Home » Student Lawyer Blog: How Does The Court Determine Whether Dismissal From Work Is Fair?

Student Lawyer Blog: How Does The Court Determine Whether Dismissal From Work Is Fair?

September 19, 2018,
Hannah Wills,
hannah wills

Case: British Home Stores Ltd v Burchell [1978] ICR 303 (EAT)


Miss Burchell was an employee at British Home Stores which had a scheme in place for staff purchases.


The store suspected that Miss Burchell was abusing the scheme which led to her dismissal following investigations conducted by the company.Hannah Wills

Miss Burchell had authorised the sale of a pair of polychromatic sunglasses worth £6.99 to a colleague, Mrs L, for a lower amount despite admitting that she knew the actual price of the sunglasses. There were also a further 3 transactions which sparked suspicion surrounding misconduct and British Home Stores concluded that Miss Burchell should be dismissed from work on the grounds of misconduct. Miss Burchell claimed for unfair dismissal, with the Industrial Tribunal (the former name for the Employment Tribunal) finding that Miss Burchell was unfairly dismissed based on the available evidence. British Home Stores appealed to the Employment Appeal Tribunal (EAT).

Decision of the EAT

Although the EAT did find that British Home Stores had dismissed Miss Burchell on fair grounds, the importance of this case surrounds the test it sets out for unfair dismissal cases. The test emphasises that the Tribunal should determine whether employers have fair and reasonable grounds to dismiss an employees for misconduct; the Tribunal should not make the actual dismissal decision itself.

The Burchell Test

The test can be broken down into 3 parts to determine whether the employer has been reasonable in their decision to dismiss an employee from work.

Firstly, did the employer actually believe that the employee was guilty of the misconduct?
Does the employer have reasonable grounds on which to base the above belief?
Has the employer carried out a reasonable investigation into the circumstances of the misconduct?

Importantly, the EAT also stated that it is not a question for the Tribunal to judge whether the evidence available has any merit. Its role is to consider the above questions to determine if the employer has acted reasonably and fairly in their decision. The Tribunal will also need to determine whether the employer has followed the ACAS Code of Practice on Disciplinary and Grievance Procedures.

Reasonable Grounds?

In the second stage of the test, the employer’s reason for dismissal must fall into the ‘band of reasonable responses’. In the cases of Foley v Post Office and Midland Bank Plc v Madden, the Court of Appeal states that a tribunal should not use its own view of what they would have done had they been in a similar situation, but instead to assess if the employer has acted under one of the five potentially fair reasons for dismissal. Misconduct constitutes one of these reasons. There are a number of factors which can be taken into consideration when determining if an employer has acted reasonably, these can include; the employee’s length of service and the penalty imposed in similar past cases.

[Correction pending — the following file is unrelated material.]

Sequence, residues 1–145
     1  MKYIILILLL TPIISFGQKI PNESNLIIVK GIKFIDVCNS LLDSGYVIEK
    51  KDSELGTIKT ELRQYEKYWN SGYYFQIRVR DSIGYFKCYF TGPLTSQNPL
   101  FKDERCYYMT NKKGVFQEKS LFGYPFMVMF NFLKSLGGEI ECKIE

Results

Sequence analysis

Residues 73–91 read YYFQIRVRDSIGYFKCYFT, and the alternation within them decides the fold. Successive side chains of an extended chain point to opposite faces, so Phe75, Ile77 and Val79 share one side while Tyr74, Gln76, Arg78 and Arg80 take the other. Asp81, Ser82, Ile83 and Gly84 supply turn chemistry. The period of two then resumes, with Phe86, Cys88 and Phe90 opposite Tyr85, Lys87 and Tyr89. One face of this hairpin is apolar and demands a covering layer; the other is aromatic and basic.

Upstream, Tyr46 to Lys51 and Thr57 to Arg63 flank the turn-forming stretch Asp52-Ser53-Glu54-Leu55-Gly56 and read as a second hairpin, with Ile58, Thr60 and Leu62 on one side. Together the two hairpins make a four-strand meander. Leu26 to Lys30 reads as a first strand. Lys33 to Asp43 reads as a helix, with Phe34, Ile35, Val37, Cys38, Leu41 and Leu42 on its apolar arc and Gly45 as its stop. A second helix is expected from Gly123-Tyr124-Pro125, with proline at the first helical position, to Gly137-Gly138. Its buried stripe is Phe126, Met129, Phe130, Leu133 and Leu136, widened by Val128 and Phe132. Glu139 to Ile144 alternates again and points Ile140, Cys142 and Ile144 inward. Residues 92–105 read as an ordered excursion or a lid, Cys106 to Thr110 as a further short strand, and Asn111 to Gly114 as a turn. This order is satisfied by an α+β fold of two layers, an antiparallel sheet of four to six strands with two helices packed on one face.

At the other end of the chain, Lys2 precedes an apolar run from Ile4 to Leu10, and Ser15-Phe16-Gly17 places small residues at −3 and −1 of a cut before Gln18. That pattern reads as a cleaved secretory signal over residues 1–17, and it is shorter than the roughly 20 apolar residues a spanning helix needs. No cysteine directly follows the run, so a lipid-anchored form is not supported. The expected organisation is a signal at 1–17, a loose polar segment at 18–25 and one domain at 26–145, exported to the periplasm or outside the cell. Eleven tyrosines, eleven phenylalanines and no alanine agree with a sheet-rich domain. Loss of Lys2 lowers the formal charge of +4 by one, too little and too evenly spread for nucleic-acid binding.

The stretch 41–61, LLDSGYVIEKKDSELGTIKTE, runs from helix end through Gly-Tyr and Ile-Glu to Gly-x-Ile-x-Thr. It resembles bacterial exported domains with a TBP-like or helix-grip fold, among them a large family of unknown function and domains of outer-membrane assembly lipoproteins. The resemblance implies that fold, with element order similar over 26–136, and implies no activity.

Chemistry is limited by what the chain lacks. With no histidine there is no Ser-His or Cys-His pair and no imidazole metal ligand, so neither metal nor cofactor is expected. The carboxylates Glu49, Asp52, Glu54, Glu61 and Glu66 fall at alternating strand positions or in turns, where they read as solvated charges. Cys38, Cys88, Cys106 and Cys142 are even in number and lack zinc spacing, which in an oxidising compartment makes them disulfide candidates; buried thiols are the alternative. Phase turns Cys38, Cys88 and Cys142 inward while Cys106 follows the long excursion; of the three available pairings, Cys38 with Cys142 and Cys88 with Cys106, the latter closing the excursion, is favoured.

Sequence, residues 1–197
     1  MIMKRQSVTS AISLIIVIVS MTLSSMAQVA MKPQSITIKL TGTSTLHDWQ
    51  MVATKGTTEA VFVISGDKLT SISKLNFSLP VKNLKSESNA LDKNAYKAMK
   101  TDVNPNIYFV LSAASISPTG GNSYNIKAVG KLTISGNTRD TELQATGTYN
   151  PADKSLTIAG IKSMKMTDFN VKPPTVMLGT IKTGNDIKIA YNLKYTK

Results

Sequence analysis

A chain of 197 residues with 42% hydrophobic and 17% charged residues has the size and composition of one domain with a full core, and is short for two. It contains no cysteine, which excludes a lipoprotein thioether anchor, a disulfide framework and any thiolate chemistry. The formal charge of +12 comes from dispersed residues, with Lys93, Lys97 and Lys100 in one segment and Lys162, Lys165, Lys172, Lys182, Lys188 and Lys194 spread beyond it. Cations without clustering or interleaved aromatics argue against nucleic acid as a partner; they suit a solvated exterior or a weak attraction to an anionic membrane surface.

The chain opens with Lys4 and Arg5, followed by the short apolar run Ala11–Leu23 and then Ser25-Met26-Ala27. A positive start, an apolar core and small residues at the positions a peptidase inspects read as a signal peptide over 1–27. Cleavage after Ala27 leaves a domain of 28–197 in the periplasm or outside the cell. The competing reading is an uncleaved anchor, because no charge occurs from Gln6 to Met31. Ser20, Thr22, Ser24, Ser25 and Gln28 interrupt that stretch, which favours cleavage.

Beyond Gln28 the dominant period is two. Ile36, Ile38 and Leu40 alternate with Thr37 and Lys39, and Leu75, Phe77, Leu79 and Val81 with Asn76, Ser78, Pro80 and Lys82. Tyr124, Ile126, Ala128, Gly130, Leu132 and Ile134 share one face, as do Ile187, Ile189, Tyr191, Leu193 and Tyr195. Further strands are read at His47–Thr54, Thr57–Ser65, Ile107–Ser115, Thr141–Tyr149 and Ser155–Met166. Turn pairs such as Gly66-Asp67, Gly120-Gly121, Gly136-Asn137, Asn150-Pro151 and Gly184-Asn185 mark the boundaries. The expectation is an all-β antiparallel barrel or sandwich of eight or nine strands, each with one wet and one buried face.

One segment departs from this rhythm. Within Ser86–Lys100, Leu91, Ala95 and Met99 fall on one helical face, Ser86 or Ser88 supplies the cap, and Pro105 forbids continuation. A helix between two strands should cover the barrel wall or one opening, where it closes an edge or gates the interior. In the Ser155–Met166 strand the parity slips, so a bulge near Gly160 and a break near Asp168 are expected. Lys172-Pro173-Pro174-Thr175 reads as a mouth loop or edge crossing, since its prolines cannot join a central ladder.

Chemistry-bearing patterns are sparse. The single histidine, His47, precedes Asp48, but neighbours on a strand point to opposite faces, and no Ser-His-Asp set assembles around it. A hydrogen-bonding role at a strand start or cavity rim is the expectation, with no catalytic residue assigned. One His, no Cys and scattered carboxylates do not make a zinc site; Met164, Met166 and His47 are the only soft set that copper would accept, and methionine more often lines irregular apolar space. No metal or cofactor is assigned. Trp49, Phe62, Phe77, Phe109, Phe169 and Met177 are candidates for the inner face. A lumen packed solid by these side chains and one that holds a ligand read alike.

Reasonable Investigation?

In relation to the third stage of the test, the investigation conducted by the employer does not have to be extensive. This limb of the test has been considered further in the case of Shrestha v Genesis Housing Association Ltd, which determined that the employer is not required to investigate every explanation presented by the employee. However, the investigation should be carried out by different people from those who conducted the disciplinary hearing, and it should be conducted promptly. It is important to note that the Tribunal is not there to determine whether the employee was guilty of misconduct, but rather whether the employer had reasonable grounds to believe they were.


The Burchell case took a big step forward in determining whether an employer acted reasonably in dismissing an employee, and its importance still remains relevant in employment law today. However, there have been developments, especially regarding the burden of proof. Originally, the EAT stated that the burden of proof was on the employer to establish if they had satisfied the 3 limbs of the Burchell test, however the burden has now been clarified to be neither on the employer or the employee but rather a ‘neutral’ burden. As a result of the Burchell test, employees can feel a better sense of security in their job knowing that they have better protection in place from unfair dismissal from work.


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